Finally, we’ve implemented a collection of performance improvements for the Polaris architecture that yield performance uplifts in popular game titles of up to 3%1. These optimizations are designed to improve the performance of the Radeon RX 480, and should substantially offset the performance impact for users who choose to activate the “compatibility” toggle.

AMD is committed to delivering high quality and high performance products, and we’ll continue to provide users with more control over their product’s performance and efficiency. We appreciate all the feedback so far, and we’ll continue to bring further performance and performance/W optimizations to the Radeon RX 480.

1: Based on data running ’Total War: Warhammer’, ultra settings, 1080p resolution. Radeon Software 16.6.2 74.2FPS vs Radeon Software 16.7.1 78.3FPS; Metro Last Light, very high settings, 1080p resolution, 80.9FPS vs 82.7 FPS. Witcher 3, Ultra settings, 1440p, 31.5FPS vs 32.5, Far Cry 4, ultra settings, 1440p, 54.65FPS vs 56.38FPS, 3DMark11 Extreme, 22.8 vs 23.7  System config: Core i7-5960X, 16GB DDR4-2666MHz, Gigabyte X99-UD4, Windows 10 64-bit. Performance figures are not average, may vary from run-to-run.

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  • ahtoh - Wednesday, July 06, 2016 - link

    AMD is dead Reply
  • zmeul - Wednesday, July 06, 2016 - link

    gimping the card for the win Reply
  • vladx - Wednesday, July 06, 2016 - link

    AMassiveDisaster Reply
  • Despoiler - Wednesday, July 06, 2016 - link

    There is no gimp on the primary fix. I guess you aren't technically competent enough to understand how they are fixing the issue. Reply
  • Morawka - Wednesday, July 06, 2016 - link

    it's not a fix, its still out of spec and it can still receive a ITC Ban for being out of spec Reply
  • wira123 - Wednesday, July 06, 2016 - link

    did you even read the da** thing ?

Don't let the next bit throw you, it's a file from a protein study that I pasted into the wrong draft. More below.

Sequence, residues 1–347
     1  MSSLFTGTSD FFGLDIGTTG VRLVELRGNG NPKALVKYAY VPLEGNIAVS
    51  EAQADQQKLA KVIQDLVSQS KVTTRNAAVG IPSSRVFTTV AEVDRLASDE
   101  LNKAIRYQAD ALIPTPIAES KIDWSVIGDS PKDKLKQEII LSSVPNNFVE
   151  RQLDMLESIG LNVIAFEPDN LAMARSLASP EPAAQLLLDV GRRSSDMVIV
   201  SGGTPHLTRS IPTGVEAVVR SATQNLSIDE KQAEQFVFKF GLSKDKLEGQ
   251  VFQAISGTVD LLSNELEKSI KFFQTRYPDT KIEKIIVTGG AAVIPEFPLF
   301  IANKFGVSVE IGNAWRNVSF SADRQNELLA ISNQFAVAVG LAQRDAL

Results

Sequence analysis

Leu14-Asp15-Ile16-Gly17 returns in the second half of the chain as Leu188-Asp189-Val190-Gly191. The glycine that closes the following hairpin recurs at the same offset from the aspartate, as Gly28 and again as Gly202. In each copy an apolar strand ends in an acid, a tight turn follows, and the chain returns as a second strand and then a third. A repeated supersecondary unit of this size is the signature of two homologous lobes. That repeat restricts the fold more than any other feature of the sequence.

performance was improved by few fps vs crimson driver 16.6.2
    Reply
  • yeright - Wednesday, July 06, 2016 - link

    because nVidia don't have issues?
    http://www.tomshardware.com/news/nvidia-vive-displ...
    Reply
  • miribus - Wednesday, July 06, 2016 - link

    Everyone, all of them, release technical goofs like these at some point and more than once. This one is pretty minor, even at slightly lower clockspeeds it is still a good value card. Finally, the only reason you would "gimp" the card and choose option #2 is if you really wanted to impress everyone by maintaining a fully PCIe spec compliant system. Good for you? Reply
  • nevcairiel - Wednesday, July 06, 2016 - link

    To be fair there is two parts involved in a DP connection, so without deep technical analysis shoving the entire blame on NVIDIA and nothing on the Vive seems rather one-sided. Reply
  • BurntMyBacon - Wednesday, July 06, 2016 - link

    You are right in that without further evidence you can't come to any conclusions. However, (right or wrong) its pretty easy for people to place at least part of the blame at nVidia's feet given that the same issue doesn't exist for its competitor.

    Note: It doesn't have to be fully nVidia's fault to make a valid claim that they have some issues. There are other companies that have been completely in the wrong (granted different situation), but the rest of the industry still had to change to match them. In the end, who is said to have issues?
    Reply